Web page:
Whose Supper Is It?

It had all been arranged. The first ones there had found everything just as He had said, so they prepared the Passover meal, but with an undercurrent of unrest.

   It was the beginning of the end. But it was not the end of the status quo that they feared. They had known no status quo for three years and had come to enjoy, instead, the freedom and security of His constant leadership.

   No, they feared the return to a status quo existence. Uncontrollably, old questions crept back into their consciousness. Are the nets still in storage? In what condition? How will I buy the boat? What's the going price in the marketplace? Will they still be hiring tax collectors? None of the prospects were pleasing — like being sucked back into reality after an idyllic dream.

   But once everybody had arrived and they were all reclining around the table, they pushed these thoughts aside, wanting most of all to remember this evening. They looked long into the faces surrounding them, their minds snapping mental pictures

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in the warm glow of the candlelight. They knew it would never be the same again.

   It was a night for reminiscing. The first journey with Him. The first time they realized who He was. Their first time out ... two by two.

    It was a night for laughter. Well-turned phrases were turned once more. Personal idiosyncrasies were bantered about, and they each found comfort in the humor of one another's humanness. The camaraderie was strong. Three years had been a long time.

   Once in a while the laughter would be uncomfortably boisterous and then, in the split-second stillness that followed, they would once again feel the foreboding undertow that pulled at their thoughts.

   Suddenly, it was a night of bewilderment. "What? A betrayer on the inside? Is it I, Lord?"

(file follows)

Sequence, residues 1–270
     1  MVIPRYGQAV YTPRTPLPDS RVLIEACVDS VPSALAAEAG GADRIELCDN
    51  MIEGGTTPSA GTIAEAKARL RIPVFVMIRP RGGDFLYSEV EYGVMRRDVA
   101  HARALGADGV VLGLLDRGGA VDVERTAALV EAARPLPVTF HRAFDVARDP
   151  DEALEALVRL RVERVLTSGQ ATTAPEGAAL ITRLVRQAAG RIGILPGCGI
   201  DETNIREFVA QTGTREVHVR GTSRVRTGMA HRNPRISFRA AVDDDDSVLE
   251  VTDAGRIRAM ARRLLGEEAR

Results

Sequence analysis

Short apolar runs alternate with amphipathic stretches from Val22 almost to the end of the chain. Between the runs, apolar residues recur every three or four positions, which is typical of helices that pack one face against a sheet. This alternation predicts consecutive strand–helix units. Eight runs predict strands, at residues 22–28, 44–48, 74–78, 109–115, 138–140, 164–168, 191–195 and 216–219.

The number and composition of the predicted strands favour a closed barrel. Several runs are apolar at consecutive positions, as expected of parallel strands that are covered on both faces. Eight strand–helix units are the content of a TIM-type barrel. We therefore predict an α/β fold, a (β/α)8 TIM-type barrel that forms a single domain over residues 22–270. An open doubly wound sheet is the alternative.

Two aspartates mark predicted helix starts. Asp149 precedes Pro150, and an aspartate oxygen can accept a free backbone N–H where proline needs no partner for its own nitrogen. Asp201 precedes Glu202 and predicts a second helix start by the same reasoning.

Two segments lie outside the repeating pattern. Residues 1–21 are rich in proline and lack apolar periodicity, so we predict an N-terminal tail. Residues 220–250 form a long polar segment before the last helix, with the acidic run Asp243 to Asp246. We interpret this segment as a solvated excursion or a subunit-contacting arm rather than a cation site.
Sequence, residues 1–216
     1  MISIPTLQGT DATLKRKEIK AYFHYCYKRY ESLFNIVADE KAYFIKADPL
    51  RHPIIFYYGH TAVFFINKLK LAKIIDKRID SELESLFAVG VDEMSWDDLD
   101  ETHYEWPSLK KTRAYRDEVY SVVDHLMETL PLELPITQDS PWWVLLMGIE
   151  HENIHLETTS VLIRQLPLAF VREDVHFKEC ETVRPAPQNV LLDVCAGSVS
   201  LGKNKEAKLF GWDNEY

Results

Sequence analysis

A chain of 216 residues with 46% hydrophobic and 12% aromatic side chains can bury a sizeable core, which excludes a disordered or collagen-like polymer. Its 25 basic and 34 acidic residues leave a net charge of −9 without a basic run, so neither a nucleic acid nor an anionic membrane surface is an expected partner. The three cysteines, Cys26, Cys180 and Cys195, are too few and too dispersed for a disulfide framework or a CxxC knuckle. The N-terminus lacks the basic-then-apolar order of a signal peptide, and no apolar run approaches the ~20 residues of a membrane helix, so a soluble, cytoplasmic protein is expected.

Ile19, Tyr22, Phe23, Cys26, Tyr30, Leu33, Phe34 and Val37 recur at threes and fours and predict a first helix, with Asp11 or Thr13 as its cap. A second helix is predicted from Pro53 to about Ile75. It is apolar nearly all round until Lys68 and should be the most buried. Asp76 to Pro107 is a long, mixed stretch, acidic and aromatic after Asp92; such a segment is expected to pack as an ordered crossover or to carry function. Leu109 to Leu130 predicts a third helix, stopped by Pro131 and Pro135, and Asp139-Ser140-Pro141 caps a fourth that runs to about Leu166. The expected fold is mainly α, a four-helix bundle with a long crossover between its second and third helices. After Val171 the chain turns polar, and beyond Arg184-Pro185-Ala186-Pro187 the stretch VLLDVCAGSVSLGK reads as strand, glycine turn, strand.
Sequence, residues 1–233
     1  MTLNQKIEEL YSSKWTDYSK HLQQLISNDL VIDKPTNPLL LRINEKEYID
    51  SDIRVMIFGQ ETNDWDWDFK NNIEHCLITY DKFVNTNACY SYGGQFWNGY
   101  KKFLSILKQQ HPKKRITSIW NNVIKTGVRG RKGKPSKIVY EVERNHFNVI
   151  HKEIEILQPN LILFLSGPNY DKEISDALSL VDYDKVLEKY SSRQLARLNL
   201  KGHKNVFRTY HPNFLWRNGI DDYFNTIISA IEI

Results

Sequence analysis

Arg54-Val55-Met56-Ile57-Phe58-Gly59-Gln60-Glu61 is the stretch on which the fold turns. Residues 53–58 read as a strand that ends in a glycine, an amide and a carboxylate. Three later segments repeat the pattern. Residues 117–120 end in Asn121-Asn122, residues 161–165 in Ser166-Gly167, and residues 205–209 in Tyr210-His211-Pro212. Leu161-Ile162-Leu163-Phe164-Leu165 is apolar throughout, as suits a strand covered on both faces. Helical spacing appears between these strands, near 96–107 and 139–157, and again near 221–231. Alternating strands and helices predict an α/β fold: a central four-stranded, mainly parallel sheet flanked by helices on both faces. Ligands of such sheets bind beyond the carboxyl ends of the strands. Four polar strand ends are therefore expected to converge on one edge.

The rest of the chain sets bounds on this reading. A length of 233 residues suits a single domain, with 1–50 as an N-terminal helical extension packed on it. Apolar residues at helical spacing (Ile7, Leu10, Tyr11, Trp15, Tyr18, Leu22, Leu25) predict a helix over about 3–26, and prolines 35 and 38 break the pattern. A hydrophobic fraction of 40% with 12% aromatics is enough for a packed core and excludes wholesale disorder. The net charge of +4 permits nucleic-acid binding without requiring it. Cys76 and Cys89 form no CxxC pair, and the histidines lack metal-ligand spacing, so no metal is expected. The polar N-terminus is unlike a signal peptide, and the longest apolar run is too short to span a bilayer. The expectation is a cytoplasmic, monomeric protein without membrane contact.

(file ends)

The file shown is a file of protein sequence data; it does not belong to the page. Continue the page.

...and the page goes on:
"Whatever you must do, do it quickly."

   Most of all, it was a night to remember — a night we're still remembering.

   A cup went by ... something about His last taste of wine until the kingdom. And then the bread. He always broke it for them, but this time He said it was His body. They winced, as He tore at it again and again, and swallowed hard as their portion went down.

   Then it was deathly silent, and all eyes were on Him. He lifted the vessel and poured another cup of the deep purple liquid. Then He held it up and said, "Drink from it. All of you. This is my blood of the covenant, which is poured out for many for the forgiveness of sins."

   The cup went slowly to each mouth, then passed on from hand to hand as if it were far heavier than it appeared. They would not have gone through with this had He not commanded them to do so, for they feared the taste of all that lay ahead. They wanted to stop this moment — to hold it in the cup forever. Instead, they endured slow, hesitating sips under quick glances from reddened eyes.

   And then they sang a hymn and went out into the night . . .

   Today in churches across America, we have somehow managed to compress this whole evening into a tiny wafer and a

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plastic thimble of Welch's grape juice. Instead of looking into someone's eyes, we look at stained glass or the reflection of church lights in our tiny circle of juice. The closest human contact we have have in this moment is the back of someone's head.

   I grew up trying to make something mystical out of this — trying to somehow find something deep and spiritually meaningful in an inch of grape juice. I see now why I found nothing: the remembrances of that first night were born amidst the warmth and intimacy of human experience, but today's Christians are barred from freely expressing their humanity.

   Let's face it, humanness has gotten a bad rap from the Church for at least a few hundred years. The body is evil and full of sin, the physical world is no good, and "sex" has become a dirty word. The further we can get away from our humanity, the better off we are.

   Isn't it ironic that we are trying to escape what God came to affirm? God came to be human, but we're missing our humanity by trying to be divine.

   It's time to stop this silliness and run up our I'm-a-human-being-and-I-like-it flag. Let's allow Jesus to walk with us through all the nooks and crannies of human experience. He's very familiar with them. He's been through this before.

   In fact, He likes being a human being; he thought up the idea. He created us, and then He became one of us so He could redeem us. He is still working on that very thing now, through every event in our lives — the joys and sorrows, the laughter and the tears, through the thrill of victory and the agony of defeat. He wants the words He spoke in the beginning to once again resound amid the daily reality of our lives . . . "It is good."

   Is the Lord's Supper the one that's served up on a cold pew next Sunday at 11:00? What about the meal I'll have tonight with my wife and children around the table? Whose supper is that?

Chapter 15  ||  Table of Contents